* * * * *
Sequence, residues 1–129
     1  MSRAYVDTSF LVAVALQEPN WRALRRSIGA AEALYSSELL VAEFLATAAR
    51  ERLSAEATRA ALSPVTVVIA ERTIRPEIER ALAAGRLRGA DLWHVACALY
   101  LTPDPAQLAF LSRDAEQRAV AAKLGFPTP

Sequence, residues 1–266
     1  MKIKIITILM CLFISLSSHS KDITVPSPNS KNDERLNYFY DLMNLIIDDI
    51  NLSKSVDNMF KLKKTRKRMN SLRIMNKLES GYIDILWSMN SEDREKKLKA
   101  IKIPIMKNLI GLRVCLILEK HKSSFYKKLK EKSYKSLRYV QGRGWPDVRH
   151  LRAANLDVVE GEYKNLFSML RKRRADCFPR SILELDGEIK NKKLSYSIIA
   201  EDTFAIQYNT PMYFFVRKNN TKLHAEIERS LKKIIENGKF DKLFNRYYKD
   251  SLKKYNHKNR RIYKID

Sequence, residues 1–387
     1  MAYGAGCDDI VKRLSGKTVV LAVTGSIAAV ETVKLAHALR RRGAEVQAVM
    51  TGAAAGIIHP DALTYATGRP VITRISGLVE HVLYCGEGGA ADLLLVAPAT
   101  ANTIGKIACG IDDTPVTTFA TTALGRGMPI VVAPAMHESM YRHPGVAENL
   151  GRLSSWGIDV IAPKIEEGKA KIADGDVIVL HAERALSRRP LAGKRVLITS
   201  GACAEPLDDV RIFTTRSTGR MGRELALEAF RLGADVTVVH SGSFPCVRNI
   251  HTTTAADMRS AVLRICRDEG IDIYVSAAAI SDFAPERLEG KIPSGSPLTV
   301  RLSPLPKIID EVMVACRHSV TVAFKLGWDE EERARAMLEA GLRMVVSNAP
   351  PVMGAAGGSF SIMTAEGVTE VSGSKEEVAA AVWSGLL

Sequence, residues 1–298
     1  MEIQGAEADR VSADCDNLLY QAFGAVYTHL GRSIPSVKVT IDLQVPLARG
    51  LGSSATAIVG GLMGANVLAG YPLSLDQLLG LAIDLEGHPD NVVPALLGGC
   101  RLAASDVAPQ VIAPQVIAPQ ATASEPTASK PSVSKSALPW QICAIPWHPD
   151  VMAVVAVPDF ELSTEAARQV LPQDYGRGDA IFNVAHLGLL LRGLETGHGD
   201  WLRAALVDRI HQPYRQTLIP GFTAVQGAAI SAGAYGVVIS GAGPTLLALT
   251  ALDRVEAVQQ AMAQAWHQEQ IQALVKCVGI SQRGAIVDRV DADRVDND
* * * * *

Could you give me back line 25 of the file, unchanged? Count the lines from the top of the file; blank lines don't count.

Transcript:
   151  VMAVVAVPDF ELSTEAARQV LPQDYGRGDA IFNVAHLGLL LRGLETGHGD